Artists that appear within the documentary include the following: Willie Nelson, Townes Van Zandt, Steve Ray Vaughan, Beck, Johnny Cash, Bonnie Raitt, Ray Charles, Emmylou Harris, Buddy Guy, Jeff Bridges, Matthew McConaughey, Lyle Lovett, Sheryl Crow, Dolly Parton, Radiohead, B.B. King, Lighting Hopkins, The Avett Brothers, Talking Heads, Garth Brooks, Thao Nguyen and more. “Long-time producer of Austin City Limits, Terry Lickona, also transcends the TV show and gives audiences a front-row seat and backstage pass to the greatest performances of the longest running music show in television history.”

One prime reason “A Song For You” is described as the ‘ultimate backstage pass’ to Austin City Limits is because it entails endless video clippings from numerous performances filmed live at ACL alongside annotations of those who were there first-hand to experience the performances. The audience is granted the inside track regarding many ACL shows, off-stage and-onstage. Watching the artists and the production team work their magic. Feeling as if we were there, too. Hearing about the highs-and-lows of the non-stop adventure—’the flood of memories’—it’s an adrenaline rush to the heart and soul. Listening to the music, hearing the interviews and seeing it all unfold and come to life at once makes the documentary unforgettable.

Director Keith Maitland did an immaculate job of intertwining 40 years of history into 96 minutes. “A Song For You” opens with Dale Watson solely because he was the featured artist on the final episode filmed for Season 39 by Austin City Limits. Once Maitland sets the scene in present day, the Director takes us all the way back to the beginning when Willie Nelson played for ACL in 1974 and tells the story in a retrospective way. Obviously, music is the core of Austin City Limits: their universal love of music and their never-ending desire to showcase musical masters and the up-and-coming talent. The title of the film is also befitting because without the audience, Austin City Limits wouldn’t have thrived. The show needs the audience as much as we need the show. You won’t want this film to end it’s that exciting, but when it does. As the credits come to a close, there is a video of Ray Charles singing “Deep In The Heart of Texas”. Which is where it all began, deep in the hearts of Texans. Or at least those living in Texans even if born elsewhere… Many of the artists in the film are still living, others have died and passed on. But the story of Austin City Limits will live on forever.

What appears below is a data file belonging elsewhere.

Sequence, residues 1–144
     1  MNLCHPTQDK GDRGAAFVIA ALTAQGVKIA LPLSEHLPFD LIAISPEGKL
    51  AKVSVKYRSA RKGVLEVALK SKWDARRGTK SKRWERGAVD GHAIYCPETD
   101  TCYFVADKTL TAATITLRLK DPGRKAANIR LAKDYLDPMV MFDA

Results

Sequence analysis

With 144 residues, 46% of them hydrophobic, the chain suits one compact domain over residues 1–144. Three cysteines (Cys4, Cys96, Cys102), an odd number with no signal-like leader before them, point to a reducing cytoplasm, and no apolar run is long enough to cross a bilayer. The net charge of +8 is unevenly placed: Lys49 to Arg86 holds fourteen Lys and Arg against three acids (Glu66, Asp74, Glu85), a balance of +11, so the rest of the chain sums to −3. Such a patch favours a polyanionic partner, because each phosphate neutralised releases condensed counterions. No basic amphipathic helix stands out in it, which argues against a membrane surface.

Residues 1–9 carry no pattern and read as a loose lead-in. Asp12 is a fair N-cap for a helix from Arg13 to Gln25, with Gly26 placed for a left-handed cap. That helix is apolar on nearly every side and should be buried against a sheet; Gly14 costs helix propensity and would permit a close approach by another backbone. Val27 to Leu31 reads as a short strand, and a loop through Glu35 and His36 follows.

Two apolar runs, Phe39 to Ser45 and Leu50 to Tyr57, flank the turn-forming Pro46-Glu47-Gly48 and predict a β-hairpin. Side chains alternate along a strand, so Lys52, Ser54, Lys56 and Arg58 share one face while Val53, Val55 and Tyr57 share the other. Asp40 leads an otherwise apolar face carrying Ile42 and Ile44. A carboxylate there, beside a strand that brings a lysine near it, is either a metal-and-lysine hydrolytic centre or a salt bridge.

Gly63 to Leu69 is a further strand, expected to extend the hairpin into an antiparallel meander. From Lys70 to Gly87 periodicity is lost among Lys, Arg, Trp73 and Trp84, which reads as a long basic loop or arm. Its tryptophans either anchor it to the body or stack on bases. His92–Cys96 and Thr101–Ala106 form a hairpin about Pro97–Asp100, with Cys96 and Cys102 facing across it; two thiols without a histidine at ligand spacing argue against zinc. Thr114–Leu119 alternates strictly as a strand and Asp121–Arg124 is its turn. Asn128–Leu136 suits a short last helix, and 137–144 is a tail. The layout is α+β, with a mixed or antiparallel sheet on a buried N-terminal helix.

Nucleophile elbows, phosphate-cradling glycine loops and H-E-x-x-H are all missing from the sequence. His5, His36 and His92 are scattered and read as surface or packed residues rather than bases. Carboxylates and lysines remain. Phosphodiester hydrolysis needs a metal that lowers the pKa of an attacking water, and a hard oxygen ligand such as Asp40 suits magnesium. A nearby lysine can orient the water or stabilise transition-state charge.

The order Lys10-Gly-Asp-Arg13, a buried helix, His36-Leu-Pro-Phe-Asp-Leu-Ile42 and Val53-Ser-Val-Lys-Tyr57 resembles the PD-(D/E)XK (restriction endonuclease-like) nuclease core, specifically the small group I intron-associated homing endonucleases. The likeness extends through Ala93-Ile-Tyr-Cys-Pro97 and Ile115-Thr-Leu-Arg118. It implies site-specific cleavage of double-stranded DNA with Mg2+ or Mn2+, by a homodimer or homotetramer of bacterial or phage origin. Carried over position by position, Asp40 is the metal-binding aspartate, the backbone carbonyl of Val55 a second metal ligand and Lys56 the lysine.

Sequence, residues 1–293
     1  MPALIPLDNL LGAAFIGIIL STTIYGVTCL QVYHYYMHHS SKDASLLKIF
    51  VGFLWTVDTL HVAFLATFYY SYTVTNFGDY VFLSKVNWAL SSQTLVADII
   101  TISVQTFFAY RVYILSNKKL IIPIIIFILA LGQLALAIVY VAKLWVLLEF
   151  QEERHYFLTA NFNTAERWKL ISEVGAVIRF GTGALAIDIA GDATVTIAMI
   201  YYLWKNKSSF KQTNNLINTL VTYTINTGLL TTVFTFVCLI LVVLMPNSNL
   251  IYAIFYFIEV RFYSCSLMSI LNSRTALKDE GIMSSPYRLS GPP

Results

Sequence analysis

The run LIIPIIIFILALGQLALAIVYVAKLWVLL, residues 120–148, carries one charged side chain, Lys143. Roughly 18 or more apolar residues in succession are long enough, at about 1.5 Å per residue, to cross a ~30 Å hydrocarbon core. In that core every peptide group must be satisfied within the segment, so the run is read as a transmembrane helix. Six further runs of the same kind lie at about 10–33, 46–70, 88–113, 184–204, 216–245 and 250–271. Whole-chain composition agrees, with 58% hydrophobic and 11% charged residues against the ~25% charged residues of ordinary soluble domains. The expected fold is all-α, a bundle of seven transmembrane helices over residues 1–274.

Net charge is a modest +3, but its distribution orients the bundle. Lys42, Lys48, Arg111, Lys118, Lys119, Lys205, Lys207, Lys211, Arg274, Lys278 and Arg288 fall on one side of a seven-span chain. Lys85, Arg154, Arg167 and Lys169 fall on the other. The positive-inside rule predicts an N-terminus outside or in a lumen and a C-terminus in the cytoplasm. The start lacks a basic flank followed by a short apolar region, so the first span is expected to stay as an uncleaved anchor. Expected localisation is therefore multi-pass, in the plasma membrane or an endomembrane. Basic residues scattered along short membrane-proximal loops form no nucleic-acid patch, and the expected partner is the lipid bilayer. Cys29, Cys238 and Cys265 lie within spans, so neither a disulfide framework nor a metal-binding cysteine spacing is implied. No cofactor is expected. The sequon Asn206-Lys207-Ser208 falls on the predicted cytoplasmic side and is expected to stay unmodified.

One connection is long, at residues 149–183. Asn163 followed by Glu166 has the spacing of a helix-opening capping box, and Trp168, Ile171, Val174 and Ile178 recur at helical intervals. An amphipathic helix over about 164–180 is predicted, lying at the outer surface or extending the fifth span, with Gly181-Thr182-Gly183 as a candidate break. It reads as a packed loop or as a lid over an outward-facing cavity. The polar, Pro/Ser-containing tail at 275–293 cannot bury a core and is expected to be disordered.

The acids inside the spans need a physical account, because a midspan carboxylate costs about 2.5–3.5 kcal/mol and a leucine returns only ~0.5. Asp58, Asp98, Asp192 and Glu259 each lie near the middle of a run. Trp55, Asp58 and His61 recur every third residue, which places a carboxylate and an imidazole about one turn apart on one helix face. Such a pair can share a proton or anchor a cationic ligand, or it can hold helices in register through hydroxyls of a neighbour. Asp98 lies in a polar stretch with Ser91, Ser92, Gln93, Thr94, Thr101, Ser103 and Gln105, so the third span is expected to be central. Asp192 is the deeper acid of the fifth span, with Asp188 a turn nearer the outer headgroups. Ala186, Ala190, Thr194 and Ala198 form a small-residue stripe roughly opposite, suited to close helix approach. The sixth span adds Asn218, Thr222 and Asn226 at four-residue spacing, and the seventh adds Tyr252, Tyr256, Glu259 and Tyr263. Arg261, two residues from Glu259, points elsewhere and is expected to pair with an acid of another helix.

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Imagery provided by Go-Valley Films.

Fortunately, this week the Director Keith Maitland met with Austin Examiner, Nicolette Mallow, at The Driskill Hotel to talk about “A Song For You: The Austin City Limits Story” and how this delightful documentary came to fruition. Maitland also touched briefly on his other film, “Tower” that screened at the SXSW 2016 festival, too. [“Tower” is about the sniper in August of 1966 who rode the elevator to the top and held people hostage from The University of Texas Tower for 96 minutes, and at the end of his tyranny he’d taken 16 lives and wounded over three dozen.]

Nicolette Mallow: What compelled you to make a film about Austin City Limits? Do you simply love the show and what it stands for? Or do you have a strong affiliation with the city of Austin, too? I noticed both of your films pertained to Austin, Texas.

Keith Maitland: I attended The University of Texas at Austin from 1994 to 1998. Then I lived in NYC for ten years. About ten years ago, I moved back to Austin. And yes, live music is something I’ve always loved … In the 1990’s, I saw a few ACL tapings. I even sneaked backstage a few times. Once I snuck onto Willie Nelson’s tour bus in 1998. I had a knack for sneaking backstage. And that’s really what I wanted this documentary to capture: the energy and excitement of a wide-eyed fan… How this project came about is that I used to work at KLRU. And then a few years ago, a PBS Executive in DC called me about Austin City Limits and their 40th anniversary.

NM: How were you able to pick and choose a specific list of videos from an endless supply of ACL performances?

KM: That was no easy task and there was simply no way to honor all of the artistic talent that has premiered on the show. Austin City Limits has showcased around 800 performers and their bands. That’s a rough estimate and not an exact number, but my point is that it was impossible to include everyone in 96 minutes. I asked the production crew for a list of their favorites, and that was hard for them as well. So rather than pick out favorites, together, we oriented the set list around pivotal moments of the show.